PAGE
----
Prevention of Tropical Diseases Essay

Excerpt from Essay :

World Health Organization

Advocating Universal Access to Primary Care

One major goal of primary health care is better health for all. Furthermore, the major international initiative to foster this goal is from the World Health Organization who has advocated since the late seventies to improve global public health by improving access. The WHO has created a coalition calls for a (WHO, N.d.):

"A new global coalition of more than 500 leading health and development organizations worldwide is urging governments to accelerate reforms that ensure everyone, everywhere, can access quality health services without being forced into poverty. The coalition emphasises the importance of universal access to health services for saving lives, ending extreme poverty, building resilience against the health effects of climate change and ending deadly epidemics such as Ebola."

The statement calls something other than common conceptions of what is referred to as "universal healthcare" in the West. However, "access" to healthcare in the developing world is typically thought of along three dimensions (Evans, Hsu, & Boerma, 2013)

Physical accessibility. This is understood as the availability of good health services within reasonable reach of those who need them and of opening hours, appointment systems and other aspects of service organization and delivery that allow people to obtain the services when they need them.

Financial affordability. This is a measure of people's ability to pay for services without financial hardship. It takes into account not only the price of the health services but also indirect and opportunity costs (e.g. the costs of transportation to and from facilities and of taking time away from work). Affordability is influenced by the wider health financing system and by household income.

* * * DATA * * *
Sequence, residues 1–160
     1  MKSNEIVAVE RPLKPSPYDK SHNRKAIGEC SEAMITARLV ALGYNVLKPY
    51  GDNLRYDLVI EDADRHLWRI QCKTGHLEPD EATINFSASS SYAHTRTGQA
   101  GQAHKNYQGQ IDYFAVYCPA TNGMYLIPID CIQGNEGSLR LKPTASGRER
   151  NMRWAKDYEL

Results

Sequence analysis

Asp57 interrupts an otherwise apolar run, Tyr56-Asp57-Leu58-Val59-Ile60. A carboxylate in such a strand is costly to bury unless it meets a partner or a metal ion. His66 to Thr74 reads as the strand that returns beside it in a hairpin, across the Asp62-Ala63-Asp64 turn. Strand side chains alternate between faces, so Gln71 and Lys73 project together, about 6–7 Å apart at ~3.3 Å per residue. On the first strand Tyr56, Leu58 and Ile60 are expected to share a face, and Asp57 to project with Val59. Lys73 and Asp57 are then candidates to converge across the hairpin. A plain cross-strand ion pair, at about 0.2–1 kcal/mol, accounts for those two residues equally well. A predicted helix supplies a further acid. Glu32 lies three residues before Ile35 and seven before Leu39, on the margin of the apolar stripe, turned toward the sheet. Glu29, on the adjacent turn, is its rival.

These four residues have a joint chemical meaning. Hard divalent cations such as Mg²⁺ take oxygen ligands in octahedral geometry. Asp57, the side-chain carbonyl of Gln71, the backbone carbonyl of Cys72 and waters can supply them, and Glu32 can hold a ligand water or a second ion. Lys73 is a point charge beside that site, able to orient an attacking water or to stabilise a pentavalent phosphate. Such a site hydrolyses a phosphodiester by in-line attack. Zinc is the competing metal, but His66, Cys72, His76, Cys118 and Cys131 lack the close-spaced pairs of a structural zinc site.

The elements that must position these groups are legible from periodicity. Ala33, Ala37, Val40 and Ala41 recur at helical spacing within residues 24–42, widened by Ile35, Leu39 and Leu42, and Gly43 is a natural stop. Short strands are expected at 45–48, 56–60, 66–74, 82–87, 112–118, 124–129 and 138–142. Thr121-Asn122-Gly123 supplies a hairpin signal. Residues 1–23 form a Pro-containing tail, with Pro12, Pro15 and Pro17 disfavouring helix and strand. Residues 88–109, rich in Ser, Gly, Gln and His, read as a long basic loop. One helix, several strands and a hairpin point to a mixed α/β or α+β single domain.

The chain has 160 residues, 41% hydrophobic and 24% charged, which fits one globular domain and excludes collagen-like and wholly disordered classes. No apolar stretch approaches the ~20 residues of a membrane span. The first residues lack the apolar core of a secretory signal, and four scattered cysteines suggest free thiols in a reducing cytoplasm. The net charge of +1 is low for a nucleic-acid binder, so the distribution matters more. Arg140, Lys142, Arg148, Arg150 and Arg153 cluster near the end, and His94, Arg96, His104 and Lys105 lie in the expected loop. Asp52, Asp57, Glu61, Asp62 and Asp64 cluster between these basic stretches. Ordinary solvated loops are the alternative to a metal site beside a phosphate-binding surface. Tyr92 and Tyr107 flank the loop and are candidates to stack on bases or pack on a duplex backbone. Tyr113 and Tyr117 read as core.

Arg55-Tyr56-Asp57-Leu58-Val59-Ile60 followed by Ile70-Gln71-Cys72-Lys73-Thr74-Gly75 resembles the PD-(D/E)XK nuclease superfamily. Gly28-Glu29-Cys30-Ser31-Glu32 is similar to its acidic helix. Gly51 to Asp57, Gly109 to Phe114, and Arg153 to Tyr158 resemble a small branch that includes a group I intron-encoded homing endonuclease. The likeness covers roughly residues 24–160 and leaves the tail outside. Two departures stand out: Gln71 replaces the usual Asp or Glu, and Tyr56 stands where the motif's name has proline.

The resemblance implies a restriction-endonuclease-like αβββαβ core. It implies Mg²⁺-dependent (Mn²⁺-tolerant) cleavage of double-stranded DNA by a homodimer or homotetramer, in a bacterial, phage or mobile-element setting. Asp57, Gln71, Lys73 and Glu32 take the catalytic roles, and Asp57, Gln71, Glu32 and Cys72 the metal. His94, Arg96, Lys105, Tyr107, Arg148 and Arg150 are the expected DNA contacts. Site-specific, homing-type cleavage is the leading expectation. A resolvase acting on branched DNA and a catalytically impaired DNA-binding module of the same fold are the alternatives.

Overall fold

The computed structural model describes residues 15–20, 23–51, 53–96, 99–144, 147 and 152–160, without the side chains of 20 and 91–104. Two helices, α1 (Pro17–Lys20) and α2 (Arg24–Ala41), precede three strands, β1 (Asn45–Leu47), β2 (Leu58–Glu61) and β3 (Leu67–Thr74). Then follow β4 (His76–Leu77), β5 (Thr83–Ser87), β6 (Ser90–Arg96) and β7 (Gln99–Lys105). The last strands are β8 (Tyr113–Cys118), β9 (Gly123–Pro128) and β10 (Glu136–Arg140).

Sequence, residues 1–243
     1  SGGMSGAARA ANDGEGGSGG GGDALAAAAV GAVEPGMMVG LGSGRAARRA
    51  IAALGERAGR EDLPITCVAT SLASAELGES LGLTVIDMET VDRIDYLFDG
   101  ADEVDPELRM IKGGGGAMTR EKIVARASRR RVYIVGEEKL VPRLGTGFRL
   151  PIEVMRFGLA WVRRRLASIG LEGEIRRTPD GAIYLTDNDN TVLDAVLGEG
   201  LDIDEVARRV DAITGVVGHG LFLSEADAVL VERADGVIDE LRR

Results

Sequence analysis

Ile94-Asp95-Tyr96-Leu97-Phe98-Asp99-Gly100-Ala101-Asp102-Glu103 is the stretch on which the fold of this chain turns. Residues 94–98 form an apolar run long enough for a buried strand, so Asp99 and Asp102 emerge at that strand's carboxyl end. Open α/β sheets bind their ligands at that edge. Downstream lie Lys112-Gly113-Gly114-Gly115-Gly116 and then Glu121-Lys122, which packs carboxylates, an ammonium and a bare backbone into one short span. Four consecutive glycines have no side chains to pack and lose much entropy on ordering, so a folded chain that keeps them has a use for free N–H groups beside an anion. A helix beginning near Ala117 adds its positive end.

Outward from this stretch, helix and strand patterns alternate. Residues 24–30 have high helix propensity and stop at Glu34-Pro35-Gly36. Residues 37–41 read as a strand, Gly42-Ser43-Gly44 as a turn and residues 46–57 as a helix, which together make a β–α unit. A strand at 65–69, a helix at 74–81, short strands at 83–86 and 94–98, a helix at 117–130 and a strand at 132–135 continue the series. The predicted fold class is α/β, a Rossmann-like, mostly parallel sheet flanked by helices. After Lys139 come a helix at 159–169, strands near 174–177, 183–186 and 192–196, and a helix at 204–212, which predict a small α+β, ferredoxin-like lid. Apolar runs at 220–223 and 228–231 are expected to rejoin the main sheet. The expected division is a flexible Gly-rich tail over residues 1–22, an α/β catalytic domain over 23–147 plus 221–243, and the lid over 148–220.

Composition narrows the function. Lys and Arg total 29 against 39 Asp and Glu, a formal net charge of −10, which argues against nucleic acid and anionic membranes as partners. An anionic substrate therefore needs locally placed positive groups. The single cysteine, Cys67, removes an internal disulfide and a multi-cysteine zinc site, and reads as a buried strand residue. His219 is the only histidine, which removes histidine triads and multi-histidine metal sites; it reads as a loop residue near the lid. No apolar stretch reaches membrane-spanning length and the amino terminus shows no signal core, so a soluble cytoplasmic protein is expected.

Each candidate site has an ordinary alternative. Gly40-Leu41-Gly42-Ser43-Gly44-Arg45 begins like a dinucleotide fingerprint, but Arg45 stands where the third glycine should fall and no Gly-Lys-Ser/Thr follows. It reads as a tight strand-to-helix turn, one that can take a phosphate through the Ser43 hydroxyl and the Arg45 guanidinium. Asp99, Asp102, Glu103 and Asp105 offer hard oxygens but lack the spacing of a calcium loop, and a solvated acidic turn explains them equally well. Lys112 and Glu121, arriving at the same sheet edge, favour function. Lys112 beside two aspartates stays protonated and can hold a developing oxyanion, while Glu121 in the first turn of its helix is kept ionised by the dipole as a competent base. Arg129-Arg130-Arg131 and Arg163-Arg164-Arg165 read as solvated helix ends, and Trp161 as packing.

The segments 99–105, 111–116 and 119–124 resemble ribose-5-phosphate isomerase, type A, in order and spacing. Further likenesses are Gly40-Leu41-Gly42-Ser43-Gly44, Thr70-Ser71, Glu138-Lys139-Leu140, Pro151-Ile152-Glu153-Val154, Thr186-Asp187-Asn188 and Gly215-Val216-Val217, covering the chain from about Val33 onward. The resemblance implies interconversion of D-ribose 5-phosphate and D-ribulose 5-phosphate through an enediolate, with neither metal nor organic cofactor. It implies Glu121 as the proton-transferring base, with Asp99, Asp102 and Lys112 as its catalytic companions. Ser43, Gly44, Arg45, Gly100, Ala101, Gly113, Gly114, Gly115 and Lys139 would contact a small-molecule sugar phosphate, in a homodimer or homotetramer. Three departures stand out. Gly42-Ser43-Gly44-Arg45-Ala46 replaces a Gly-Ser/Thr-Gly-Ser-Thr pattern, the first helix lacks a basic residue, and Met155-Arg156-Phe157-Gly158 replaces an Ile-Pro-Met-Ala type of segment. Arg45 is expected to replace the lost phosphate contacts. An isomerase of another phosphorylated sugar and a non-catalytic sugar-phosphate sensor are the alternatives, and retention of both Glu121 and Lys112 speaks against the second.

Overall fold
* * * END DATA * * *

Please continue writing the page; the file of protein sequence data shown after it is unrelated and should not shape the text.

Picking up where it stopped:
Acceptability. This captures people's willingness to seek services. Acceptability is low when patients perceive services to be ineffective or when social and cultural factors such as language or the age, sex, ethnicity or religion of the health provider discourage them from seeking services.

It is important to note that the concept of universal healthcare, as it is often thought of in the West, does not necessarily imply a single payer system such is found in nearly all developed countries. Rather, according to the UN, the system must be affordable and accessible in a variety of different ways. Although, countries such as the UK and France, guarantees coverage to all its citizens, there are many other ways to expand access as well. For…

Sources Used in Document:

References

Evans, D., Hsu, J., & Boerma, T. (2013). Universal health coverage and universal access. Retrieved from WHO: http://www.who.int/bulletin/volumes/91/8/13-125450/en/

WHO . (N.d.). Neglected Tropical Diseases. Retrieved from World Health Organization: http://www.who.int/neglected_diseases/diseases/en/

WHO. (N.d.). Univesal health coverage . Retrieved from World Health Organization: http://www.who.int/universal_health_coverage/en/

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